By the use of two moles of the diazonium salt to each mole of the coupling component, one may couple twice into certain of the azo coupling components which provide the azo coupling radical X and which have two available coupling positions, as, for example, phenols and aromatic amines such as 1,6-dihydroxy naphthalene and 1,5-diaminonaphthalene.

Where the azo coupling component is a phenolic coupler, and particularly an a-naphthol, it has been found that coupling ortho to the hydroxyl group gives a dye developer of superior color properties. It has also been found that such ortho-coupled dye developers exhibit essentially no pH sensitivity over a fairly Wide range on either side of neutral.

The coupling component employed to provide the residue X is preferably a coupler containing a diazotizable amino group. It is to be understood, however, that one 3,236,645 6 may employ a coupler having a group convertible to a (Vn) diazotizable amino group, e.g., a nitro group. The diaz- OCH: CH otizable amino group may be on a ring or nucleus other than the one substituted by the azo grouping.

It Will be noted that, in lieu of coupling first into X 5 I and then diazotizing that initial coupling product and V (30113 NE? couplmg 1nto X one may first form a monoazo compound corresponding to the azo coupling product of X Y 6 and X and then couple into the X portion of that monoazo compound in a manner analogous to that employed 10 i" f f 3 i i q to prepare the compounds of Formula C above. p eny azo] p eny azo) nap 0 As examples of suitable dye developers within the scope of this invention, mention may be made of the following:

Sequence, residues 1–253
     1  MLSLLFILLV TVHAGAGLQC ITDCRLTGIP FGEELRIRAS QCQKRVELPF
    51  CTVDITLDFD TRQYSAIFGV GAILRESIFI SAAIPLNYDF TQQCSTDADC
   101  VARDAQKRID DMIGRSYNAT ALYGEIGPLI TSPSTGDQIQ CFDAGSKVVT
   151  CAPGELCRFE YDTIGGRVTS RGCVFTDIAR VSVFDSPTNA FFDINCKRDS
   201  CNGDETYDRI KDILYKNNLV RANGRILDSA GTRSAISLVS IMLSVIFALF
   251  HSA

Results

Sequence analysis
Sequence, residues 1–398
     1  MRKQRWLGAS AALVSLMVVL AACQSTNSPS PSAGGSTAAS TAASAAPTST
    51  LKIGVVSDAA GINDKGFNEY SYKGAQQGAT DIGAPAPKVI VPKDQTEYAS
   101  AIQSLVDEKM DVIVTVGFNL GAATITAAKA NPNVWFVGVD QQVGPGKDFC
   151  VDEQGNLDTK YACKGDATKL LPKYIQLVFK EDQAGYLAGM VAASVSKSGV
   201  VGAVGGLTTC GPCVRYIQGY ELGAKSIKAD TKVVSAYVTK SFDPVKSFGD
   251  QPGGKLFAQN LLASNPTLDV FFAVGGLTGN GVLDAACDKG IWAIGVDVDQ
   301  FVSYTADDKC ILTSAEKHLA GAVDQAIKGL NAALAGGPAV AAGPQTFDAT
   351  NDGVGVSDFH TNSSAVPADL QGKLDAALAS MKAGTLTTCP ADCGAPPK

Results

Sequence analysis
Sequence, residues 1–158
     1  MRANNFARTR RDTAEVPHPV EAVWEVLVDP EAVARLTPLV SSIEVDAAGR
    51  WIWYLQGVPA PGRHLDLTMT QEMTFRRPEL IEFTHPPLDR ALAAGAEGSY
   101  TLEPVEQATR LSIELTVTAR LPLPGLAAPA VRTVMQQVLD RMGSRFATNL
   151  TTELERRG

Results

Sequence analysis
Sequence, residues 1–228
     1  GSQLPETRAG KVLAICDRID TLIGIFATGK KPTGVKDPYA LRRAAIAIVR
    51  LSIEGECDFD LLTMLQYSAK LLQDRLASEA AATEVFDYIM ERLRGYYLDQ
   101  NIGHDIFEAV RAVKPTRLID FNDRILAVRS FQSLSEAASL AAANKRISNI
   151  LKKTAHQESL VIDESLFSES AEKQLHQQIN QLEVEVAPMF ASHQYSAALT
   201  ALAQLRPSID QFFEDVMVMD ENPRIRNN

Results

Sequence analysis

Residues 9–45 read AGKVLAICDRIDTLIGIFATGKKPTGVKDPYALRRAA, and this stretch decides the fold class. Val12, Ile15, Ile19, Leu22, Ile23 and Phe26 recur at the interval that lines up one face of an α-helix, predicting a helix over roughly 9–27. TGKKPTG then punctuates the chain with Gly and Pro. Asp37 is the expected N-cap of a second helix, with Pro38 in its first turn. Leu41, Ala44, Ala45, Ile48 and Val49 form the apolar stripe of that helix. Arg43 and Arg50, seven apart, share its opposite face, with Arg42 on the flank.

(VIII) (1) (|)H OCH; OH (I31 00 115 oH (1) CH3 [D HgN- m 0' H 0 H3 H V nnphthylazo) -8-amino-2-naphthol l 0 H O 0 H3 0 H O 0 Ha HN- I O H O C C H3 I 8-acetamldo 1-(2,5 -dimethoxy-4- [p- 2' ,-5 -d1hydroxy- 0 CH3 phenyl) -pheny1azo phenylazo) 2-uaphtho1 I O H 0 (III) H H CH: C C 2 S-hydroxy 4 (2,5 dlmethoxy-4-[p-(2",5"-dihydroxyphenyl) pheny1azo1-pheuy1azo)-1-naphthylamlne-S-sodium sulfonate (XI) M NH; 0 H 0 CH; O

OH 0 CH3 l N=N -N=N I 0 CH3 0 CH3 I 1 or 2 NH; 0H 0 H v1 on (XII) OOHa | OCHa l-phenyl-3amin 04- (4'- [p- (2 '5 dihydroxyphenyl) phenylazo 1 2 ,5-diethoxyphenylazo) -5-pyrazolone (XIV) OH (I) C Ha (I) H J H O C H:

2- 2,5 -dimethoxy-4- [p- (2 ',5' -dihydroxyphenyl phenylazo] phenylazo) 4-methoxy-1-naphthol As examples of additional coupling components which may be used to proxide X mention may be made of: